Monday, May 19, 2008

Conference: Theorising the Global Legal Order

This Wednesday and Thursday, May 21-22, the Swansea University School of Law will host a conference on "Theorising the Global Legal Order," in Swansea. The program is here; paper abstracts are here. Why attend?

Academic literature within law and elsewhere is replete with works addressing various aspects of globalisation, and within this literature there are copious attempts of taking one theoretical perspective or another on the subject matter treated. Nevertheless, there is a recognised paucity of theoretical underpinning for the development of law as an academic discipline into the broader territory that current global trends now present, and this lack is recognised even among those whose own work is at the forefront of theoretical inquiry in the area. Part of the explanation for this state of affairs is that in confronting the novel extensions to the concerns of academic law, new perspectives have been borrowed from other disciplines rather than working through the consequences for a distinctively legal approach (no matter how much resonance with other disciplines such an approach might ultimately enjoy). Another contributory factor is that the explosion of new types of legal phenomena in the global arena has multiplied issues to address faster than any developing theory can keep up with them. And a related factor is that where theory has succeeded in developing to a significant extent it has tended to be confined to dealing with a particular aspect of the subject matter or to expounding a particular theoretical perspective, without fully addressing the implications for or from other aspects, nor fully engaging with other perspectives.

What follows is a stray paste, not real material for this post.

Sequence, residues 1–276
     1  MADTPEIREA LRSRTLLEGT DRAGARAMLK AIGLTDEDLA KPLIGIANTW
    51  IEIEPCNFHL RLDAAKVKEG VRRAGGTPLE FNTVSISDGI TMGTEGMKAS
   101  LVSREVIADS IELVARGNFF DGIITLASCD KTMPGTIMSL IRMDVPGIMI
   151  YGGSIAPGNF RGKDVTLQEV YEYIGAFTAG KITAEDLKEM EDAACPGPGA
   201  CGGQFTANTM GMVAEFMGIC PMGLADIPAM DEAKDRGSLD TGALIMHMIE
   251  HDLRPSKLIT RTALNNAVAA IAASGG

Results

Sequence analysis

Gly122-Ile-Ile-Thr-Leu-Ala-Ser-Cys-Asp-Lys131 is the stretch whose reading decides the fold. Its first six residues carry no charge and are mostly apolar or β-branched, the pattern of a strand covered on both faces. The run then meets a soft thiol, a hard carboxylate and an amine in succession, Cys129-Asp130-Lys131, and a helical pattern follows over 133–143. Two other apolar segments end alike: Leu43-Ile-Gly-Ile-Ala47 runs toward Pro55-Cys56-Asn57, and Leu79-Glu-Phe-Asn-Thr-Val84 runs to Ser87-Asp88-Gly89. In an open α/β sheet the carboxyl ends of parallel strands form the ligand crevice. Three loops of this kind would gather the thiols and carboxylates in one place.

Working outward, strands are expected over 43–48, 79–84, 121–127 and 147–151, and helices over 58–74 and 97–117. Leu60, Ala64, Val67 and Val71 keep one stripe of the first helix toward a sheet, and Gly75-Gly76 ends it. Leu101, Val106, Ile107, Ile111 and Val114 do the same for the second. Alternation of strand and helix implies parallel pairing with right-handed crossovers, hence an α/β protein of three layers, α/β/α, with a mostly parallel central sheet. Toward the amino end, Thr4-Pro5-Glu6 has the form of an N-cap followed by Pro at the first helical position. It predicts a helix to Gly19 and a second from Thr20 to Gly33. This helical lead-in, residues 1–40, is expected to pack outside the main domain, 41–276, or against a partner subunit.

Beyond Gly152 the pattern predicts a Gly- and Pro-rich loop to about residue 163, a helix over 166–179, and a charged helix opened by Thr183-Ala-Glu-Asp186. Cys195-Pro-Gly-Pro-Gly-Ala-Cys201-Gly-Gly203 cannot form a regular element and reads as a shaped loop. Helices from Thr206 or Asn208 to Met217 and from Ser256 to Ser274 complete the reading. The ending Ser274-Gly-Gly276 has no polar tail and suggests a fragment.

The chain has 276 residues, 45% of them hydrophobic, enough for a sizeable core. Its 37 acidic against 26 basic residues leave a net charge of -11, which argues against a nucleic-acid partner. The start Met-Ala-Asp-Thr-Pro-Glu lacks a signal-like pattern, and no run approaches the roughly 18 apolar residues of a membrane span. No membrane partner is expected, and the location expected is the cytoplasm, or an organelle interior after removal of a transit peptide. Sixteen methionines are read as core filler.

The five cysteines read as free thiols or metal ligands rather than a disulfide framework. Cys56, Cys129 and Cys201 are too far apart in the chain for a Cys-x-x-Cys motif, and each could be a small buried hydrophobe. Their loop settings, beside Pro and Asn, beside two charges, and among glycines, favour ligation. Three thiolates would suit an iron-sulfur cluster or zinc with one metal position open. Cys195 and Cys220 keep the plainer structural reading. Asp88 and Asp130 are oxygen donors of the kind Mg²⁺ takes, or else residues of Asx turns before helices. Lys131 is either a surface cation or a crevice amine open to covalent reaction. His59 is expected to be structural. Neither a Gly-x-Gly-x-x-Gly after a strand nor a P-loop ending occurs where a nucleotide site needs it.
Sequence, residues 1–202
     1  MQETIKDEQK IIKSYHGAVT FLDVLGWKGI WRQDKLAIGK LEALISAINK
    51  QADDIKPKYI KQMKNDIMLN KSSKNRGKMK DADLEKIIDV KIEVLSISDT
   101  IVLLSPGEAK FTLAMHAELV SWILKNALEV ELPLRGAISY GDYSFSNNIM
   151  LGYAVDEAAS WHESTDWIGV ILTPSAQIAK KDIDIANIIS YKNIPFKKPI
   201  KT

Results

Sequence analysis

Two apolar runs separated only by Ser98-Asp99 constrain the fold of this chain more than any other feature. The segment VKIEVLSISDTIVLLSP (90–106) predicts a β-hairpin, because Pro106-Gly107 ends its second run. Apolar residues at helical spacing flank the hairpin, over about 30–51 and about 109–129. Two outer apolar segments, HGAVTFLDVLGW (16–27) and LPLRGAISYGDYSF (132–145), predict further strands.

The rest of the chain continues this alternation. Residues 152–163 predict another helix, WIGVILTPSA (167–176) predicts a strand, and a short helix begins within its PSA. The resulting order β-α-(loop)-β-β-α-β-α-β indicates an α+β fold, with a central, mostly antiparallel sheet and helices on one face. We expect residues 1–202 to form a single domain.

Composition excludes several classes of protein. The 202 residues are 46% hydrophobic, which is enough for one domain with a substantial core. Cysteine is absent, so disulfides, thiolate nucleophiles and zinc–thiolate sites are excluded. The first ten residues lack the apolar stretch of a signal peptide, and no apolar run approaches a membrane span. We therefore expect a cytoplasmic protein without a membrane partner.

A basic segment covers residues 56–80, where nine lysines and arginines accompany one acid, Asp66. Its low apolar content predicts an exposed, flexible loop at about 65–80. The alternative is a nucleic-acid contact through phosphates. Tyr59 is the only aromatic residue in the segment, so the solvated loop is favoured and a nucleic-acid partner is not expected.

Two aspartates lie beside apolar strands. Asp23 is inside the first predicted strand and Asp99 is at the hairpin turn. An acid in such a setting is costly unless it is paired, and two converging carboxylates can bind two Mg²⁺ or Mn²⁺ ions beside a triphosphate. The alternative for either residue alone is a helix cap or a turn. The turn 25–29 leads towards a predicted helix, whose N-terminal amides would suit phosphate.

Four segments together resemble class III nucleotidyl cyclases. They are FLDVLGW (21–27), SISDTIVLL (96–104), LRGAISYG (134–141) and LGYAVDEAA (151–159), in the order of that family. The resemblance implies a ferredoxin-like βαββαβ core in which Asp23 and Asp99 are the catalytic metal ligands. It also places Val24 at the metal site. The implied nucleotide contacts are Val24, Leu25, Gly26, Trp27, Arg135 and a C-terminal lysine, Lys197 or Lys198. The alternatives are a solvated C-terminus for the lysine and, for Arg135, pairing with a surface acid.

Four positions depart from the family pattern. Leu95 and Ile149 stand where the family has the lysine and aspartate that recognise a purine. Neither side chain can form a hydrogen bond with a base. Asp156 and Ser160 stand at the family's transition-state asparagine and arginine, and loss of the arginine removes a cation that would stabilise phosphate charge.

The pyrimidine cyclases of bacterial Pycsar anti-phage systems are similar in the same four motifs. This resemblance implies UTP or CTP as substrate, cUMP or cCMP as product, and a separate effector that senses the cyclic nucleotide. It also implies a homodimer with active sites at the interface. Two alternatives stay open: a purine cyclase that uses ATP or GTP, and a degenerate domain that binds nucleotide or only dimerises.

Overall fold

The rationale for the conference lies in seeking to bring together a number of disparate and often inchoate concerns about theorising law in the global context – concerns that may focus on constitutionalist frameworks or on culturalist forces, that may be inspired by traditional insights of the peculiarly institutional nature of law or be captivated by the potential for law to be transformed by extra-legal impulses – and by providing a venue for debate, engagement, and exploration of ideas, to broaden the understanding of academic lawyers of the issues and openings for further work in what amounts to a critical area of legal research and scholarship.